An example of how the Alexander paper is being used to promote Medicaid block grants and funding caps is a paper written by Douglas Holtz-Eakin, president of the American Action Forum (a conservative policy group closely tied to the American Action Network, which seeks to elect more Republicans to office), which recommends that states seek waivers with capped financing such as Rhode Island’s global waiver. See “Sustainability of Medicaid: Action Steps for Governors to Achieve Meaningful Reform,” American Action Forum, February 28, 2011.
 Megan Hall, “Former DHS director published unauthorized report on global waiver,” The Pulse, WRNI Health Care blog, 20 January 2011, available at http://wrnihealthcareblog.wordpress.com/2011/01/20/what-happened-to-gary-alexander/ .
 Provisions that are often waived include freedom of choice of provider, the offering of comparable benefits across populations, and the offering of comparable benefits across geographic areas. Medicaid’s matching structure cannot be waived.
 For more information about Section 1115 waivers, see Cynthia Shirk, “Shaping Medicaid and SCHIP Through Waivers: The Fundamentals,” National Health Policy Forum, July 22, 2008.
 Rep. Paul Ryan (R-WI) and Alice Rivlin of the Brookings Institution submitted a plan to the president’s fiscal commission that included a proposal to convert Medicaid to a block grant. The Congressional Budget Office estimated that this proposal would reduce federal Medicaid funding by $180 billion over the next ten years. For more information, see Congressional Budget Office, “Letter from Douglas W. Elmendorf to the Honorable Paul D. Ryan,” November 17, 2010; and Edwin Park, “Medicaid Block Grant or Funding Caps Would Shift Costs to States, Beneficiaries, and Providers,” Center on Budget and Policy Priorities, January 6, 2011.
 For a more detailed discussion of block grants and their potential effects on states, see Edwin Park and Matt Broaddus, “Medicaid Block Grant Would Shift Financial Risks and Costs to States,” Center on Budget and Policy Priorities, February 23, 2011.
 Judith Solomon, “Rhode Island’s Medicaid Proposal Would Put Beneficiaries at Risk and Undermine the Federal-State Partnership,” Center on Budget and Policy Priorities, September 4, 2008. During the negotiations, the state conceded that it was seeking a cap that would exceed what the state would need based on historical data, but argued that a higher cap was needed because of the increased costs of an aging population, a weak economy, and the risk the state was assuming. Steve Peoples, “Governor seeks waiver to cap Medicaid at $12.4 billion,” Providence Journal, July 30, 2008.
 The Bush Administration had previously been criticized by the Government Accountability Office (GAO) for approving waivers that likely would not be budget neutral for the federal government. The GAO found that in approving waivers for Florida and Vermont, the Bush Administration likely inflated what those states’ Medicaid costs would be in the absence of the waivers, by assuming (without supporting documentation) rates of cost growth under the states’ existing Medicaid programs that exceeded HHS’ own benchmarks. Government Accountability Office, “Medicaid Demonstration Waivers: Recent HHS Approvals Continue to Raise Cost and Oversight Concerns,” January 2008.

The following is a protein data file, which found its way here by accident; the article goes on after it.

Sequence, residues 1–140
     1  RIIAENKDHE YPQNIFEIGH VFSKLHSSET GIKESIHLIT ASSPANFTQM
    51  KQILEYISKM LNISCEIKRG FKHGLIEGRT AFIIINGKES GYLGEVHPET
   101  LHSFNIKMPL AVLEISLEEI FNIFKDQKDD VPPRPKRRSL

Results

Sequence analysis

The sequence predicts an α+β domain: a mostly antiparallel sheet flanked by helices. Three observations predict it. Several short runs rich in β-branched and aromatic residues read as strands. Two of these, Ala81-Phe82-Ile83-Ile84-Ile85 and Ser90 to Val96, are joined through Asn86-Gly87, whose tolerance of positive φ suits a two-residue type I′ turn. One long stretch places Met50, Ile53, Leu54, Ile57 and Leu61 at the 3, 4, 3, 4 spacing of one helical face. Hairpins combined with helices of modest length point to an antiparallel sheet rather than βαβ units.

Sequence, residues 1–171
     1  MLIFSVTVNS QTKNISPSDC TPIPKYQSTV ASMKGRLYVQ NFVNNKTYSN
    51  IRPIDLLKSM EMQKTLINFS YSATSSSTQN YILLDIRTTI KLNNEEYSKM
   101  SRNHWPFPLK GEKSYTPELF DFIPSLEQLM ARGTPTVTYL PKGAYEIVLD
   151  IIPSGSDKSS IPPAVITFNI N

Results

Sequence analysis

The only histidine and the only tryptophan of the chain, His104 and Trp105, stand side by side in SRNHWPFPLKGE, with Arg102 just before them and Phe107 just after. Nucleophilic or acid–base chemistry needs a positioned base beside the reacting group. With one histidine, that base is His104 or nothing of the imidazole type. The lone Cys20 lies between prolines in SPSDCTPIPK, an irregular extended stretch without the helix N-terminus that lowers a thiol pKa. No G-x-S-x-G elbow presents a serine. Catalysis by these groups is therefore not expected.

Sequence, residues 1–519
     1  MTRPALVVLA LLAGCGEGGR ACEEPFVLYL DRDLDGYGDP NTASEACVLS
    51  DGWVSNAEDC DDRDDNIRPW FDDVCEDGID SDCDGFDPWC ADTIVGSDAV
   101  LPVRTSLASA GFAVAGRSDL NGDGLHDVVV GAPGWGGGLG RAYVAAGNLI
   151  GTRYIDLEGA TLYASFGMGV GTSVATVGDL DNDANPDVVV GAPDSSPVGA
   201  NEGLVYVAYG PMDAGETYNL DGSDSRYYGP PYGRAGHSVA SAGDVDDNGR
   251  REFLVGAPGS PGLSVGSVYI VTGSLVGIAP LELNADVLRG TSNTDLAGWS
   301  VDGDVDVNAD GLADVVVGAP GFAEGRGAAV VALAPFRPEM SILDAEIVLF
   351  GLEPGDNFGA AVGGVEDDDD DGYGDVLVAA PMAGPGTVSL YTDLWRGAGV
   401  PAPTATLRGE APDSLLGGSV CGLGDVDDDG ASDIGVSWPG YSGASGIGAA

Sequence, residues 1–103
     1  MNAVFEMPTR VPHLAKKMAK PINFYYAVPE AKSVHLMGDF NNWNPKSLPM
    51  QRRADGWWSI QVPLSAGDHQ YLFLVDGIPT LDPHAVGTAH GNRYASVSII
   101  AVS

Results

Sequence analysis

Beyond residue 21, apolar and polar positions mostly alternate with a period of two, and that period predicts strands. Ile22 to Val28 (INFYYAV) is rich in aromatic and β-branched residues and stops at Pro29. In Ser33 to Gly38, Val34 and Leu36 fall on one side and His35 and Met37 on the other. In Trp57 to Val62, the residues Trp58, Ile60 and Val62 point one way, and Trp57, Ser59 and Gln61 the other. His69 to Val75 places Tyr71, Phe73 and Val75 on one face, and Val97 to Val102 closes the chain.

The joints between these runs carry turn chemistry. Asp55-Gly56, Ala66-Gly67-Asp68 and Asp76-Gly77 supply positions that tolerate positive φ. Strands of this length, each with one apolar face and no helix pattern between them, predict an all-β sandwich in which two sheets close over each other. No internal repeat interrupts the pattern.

See Park, op cit.
 Rhode Island would have to submit a phase-out plan to CMS at least six months in advance, unless circumstances made a shorter time period necessary.
 Kaiser Family Foundation, Medicaid Payments Per Enrollee, 2007 at www.statehealthfacts.org. A federal block grant would likely lock in state variations in spending, with higher-spending states like Rhode Island faring better than states that now have lower Medicaid expenditures. Edwin Park and Matt Broaddus, Medicaid Block Grant Would Produce Disparate and Inequitable Results Across States, Center on Budget and Policy Priorities, March 11, 2011.
 See Marc Levy, “RI officials dispute Corbett nominee’s claims,” Associated Press, February 1, 2011, for more information. Available at http://www.ydr.com/politics/ci_17262346?source=rss.
 As the Rhode Island media have reported, many of the financial claims that former state DHS director Gary Alexander makes in his report cannot be corroborated by current DHS officials. See Levy, op cit. Despite this, some proponents of converting Medicaid to a block grant have cited Alexander’s report as a primary source when making claims about savings under the global waiver. As an example, see John R. Graham, “In the Nick of Time: Rhode Island’s Medicaid Waiver Shows How States Can Save their Budgets from Obamacare,” Pacific Research Institute, January 2011.
 Some Medicaid spending categories, such as that on Disproportionate Share Hospitals (DSH), Local Education Agencies (LEA), and other adjustments, do not count against the spending targets that are part of Rhode Island’s global waiver. These expenditures are included in the CMS-64 data reports.
 The Rhode Island Medicaid program’s low rate of spending growth, both before and during the global waiver, is attributable in large part to the fact that enrollment actually declined slightly between June 2004 and June 2010, from 169,600 to 166,500. Nationally, Medicaid enrollment grew during the same time period from 41 million to 50 million. Kaiser Commission on Medicaid and the Uninsured, “Medicaid Enrollment: June 2010 Data Snapshot,” February 2011.
 Since Rhode Island has only submitted global waiver reports to CMS through June 2010, we calculated federal fiscal year 2010 spending by taking the reported expenditures for the first three quarters of federal fiscal year 2010 and estimating costs for the fourth quarter based on the rate of growth in program costs under the global waiver.
 Section 1915(b) waivers allow states to restrict the freedom of an individual to choose his or her provider. Under such waivers, states can require beneficiaries to enroll in managed care plans or require them to select providers or suppliers from lists that the state provides.